The doctrine of last clear chance or discovered peril is firmly established in our law; and is clearly and concisely stated by Barnhill, J., *370speaking for the Court in Ingram v. Smoky Mountain Stages, Inc., 225 N.C. 444, 35 S.E. 2d 337, as follows : “Tbe contributory negligence of tbe plaintiff does not preclude a recovery where it is made to appear that tbe defendant, by exercising reasonable care and prudence, might have avoided tbe injurious consequences to tbe plaintiff, notwithstanding plaintiff's negligence; that is, that by tbe exercise of reasonable care defendant might have discovered tbe perilous position of tbe party injured or killed and have avoided tbe injury, but failed to do so. Haynes v. R. R., 182 N.C. 679, 110 S.E. 56, and cases cited; Redmon v. R. R., 195 N.C. 764, 143 S.E. 829; Caudle v. R. R., 202 N.C. 404, 163 S.E. 122; Jenkins v. R. R., 196 N.C. 466, 146 S.E. 83; Taylor v. Reirson, 210 N.C. 185, 185 S.E. 627.”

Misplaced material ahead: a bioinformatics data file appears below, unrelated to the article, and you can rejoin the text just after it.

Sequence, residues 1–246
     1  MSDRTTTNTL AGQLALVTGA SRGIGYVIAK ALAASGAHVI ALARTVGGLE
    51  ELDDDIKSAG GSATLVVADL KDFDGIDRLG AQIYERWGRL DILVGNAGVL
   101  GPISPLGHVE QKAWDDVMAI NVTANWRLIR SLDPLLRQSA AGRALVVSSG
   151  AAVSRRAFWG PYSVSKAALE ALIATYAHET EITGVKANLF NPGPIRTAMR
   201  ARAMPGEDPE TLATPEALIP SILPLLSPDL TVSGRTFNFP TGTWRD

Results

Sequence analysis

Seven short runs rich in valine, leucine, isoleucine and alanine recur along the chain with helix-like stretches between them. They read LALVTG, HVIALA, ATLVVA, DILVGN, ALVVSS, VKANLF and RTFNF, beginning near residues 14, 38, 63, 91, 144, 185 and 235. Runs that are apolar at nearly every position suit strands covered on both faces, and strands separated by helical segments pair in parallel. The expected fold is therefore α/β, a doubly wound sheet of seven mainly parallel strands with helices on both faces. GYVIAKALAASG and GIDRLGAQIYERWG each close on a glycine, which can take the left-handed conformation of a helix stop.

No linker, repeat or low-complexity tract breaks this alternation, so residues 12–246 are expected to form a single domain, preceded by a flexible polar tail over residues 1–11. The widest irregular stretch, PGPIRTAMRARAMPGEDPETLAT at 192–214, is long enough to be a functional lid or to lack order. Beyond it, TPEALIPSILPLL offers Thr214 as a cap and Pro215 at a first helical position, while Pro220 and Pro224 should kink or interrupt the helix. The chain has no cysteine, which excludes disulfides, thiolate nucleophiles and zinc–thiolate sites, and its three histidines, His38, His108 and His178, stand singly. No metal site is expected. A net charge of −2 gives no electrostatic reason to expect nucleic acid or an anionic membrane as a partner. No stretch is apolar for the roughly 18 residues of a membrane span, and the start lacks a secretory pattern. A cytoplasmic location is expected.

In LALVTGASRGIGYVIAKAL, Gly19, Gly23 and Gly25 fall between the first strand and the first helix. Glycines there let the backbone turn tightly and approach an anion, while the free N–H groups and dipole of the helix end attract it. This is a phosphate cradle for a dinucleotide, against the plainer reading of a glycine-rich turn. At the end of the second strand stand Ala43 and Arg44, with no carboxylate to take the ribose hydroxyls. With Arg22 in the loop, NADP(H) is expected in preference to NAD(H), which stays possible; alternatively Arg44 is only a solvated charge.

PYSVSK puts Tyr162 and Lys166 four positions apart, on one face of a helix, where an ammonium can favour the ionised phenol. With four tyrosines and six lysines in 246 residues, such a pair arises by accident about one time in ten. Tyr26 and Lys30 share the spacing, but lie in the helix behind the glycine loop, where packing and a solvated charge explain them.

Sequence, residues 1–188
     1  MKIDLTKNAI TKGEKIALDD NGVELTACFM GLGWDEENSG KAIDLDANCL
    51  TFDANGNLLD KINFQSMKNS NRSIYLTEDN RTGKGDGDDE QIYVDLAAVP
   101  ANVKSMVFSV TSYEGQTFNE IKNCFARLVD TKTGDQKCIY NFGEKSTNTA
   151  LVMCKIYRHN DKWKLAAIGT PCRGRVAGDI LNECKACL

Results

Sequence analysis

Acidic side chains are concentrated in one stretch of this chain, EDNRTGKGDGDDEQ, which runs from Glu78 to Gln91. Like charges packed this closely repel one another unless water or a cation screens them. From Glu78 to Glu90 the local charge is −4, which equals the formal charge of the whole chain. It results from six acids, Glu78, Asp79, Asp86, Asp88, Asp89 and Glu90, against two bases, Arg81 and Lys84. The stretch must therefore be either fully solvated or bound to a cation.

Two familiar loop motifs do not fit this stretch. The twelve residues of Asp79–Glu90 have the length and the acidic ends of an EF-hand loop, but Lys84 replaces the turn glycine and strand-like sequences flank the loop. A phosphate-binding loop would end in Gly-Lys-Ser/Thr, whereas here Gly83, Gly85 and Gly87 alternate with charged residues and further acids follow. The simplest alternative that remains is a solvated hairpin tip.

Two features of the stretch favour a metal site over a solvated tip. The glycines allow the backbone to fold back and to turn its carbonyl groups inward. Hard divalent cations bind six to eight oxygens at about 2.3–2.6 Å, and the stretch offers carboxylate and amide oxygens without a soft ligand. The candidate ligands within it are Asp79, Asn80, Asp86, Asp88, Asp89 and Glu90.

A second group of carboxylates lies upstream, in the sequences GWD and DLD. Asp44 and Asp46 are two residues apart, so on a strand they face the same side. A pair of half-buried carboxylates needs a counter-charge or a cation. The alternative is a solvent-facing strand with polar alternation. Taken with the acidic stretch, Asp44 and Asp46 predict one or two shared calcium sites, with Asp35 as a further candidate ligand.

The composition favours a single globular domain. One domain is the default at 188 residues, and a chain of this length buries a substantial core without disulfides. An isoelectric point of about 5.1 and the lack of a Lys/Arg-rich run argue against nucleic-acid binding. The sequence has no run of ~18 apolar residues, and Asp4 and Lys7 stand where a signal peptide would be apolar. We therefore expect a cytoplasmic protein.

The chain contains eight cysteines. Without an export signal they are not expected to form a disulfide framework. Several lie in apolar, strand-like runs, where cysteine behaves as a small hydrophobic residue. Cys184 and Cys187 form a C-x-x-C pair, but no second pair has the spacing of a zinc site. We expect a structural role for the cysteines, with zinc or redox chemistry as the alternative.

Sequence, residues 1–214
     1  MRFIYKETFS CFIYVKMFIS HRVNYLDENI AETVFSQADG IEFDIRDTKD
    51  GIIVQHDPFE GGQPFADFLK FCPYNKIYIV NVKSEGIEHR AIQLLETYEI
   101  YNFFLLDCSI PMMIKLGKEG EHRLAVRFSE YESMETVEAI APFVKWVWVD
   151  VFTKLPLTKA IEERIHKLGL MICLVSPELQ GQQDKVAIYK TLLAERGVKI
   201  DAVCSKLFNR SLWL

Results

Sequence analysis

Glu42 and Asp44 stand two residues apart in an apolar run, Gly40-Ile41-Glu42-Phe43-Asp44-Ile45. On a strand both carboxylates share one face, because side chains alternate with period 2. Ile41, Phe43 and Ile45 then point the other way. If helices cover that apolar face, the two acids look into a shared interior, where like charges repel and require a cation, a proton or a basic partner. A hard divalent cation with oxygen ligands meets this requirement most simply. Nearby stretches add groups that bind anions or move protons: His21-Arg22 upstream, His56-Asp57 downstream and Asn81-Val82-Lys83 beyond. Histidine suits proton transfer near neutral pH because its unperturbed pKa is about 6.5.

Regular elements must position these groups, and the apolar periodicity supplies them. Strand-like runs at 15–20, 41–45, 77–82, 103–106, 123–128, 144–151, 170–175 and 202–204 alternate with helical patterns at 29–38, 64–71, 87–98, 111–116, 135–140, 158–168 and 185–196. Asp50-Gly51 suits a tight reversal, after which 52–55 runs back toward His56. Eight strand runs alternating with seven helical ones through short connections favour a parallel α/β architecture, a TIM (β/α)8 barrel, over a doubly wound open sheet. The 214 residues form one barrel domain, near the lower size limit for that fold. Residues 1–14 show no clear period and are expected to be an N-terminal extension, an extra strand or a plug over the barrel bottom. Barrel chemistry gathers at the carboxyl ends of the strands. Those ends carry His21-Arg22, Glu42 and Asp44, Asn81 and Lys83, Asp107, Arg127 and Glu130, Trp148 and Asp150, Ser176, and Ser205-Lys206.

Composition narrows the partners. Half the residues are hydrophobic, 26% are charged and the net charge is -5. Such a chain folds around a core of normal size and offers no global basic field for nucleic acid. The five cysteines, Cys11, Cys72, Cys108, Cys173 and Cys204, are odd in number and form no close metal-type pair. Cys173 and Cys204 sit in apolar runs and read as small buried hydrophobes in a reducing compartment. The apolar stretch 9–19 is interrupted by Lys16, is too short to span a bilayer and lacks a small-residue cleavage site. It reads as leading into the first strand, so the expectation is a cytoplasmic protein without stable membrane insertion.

Applying this doctrine to the evidence in the present case, it does not appear that the defendant was put on notice that plaintiff’s intestate was drunk, ill or otherwise incapacitated. Conceding plaintiff’s intestate was standing by bis car, as contended by the plaintiff, nothing else appearing, the defendant was entitled to assume that be would exercise ordinary care for bis own safety. This Court said in Reeves v. Staley, 220 N.C. 573, 18 S.E. 2d 246, speaking through Winborne, J.: “A motorist is not under a duty of anticipating negligence on the part of others, but in the absence of anything which gives or should give notice to the contrary, a person is entitled to assume, and to act on the assumption, that others will exercise ordinary care for their own safety,” citing numerous authorities. See also Hobbs v. Coach Co., 225 N.C. 323, 34 S.E. 2d 211; Tysinger v. Dairy Products, 225 N.C. 717, 36 S.E. 2d 246; Hill v. Lopez, 228 N.C. 433, 45 S.E. 2d 539; Cox v. Lee, 230 N.C. 155, 52 S.E. 2d 355; Bobbitt v. Haynes, 231 N.C. 373, 57 S.E. 2d 361.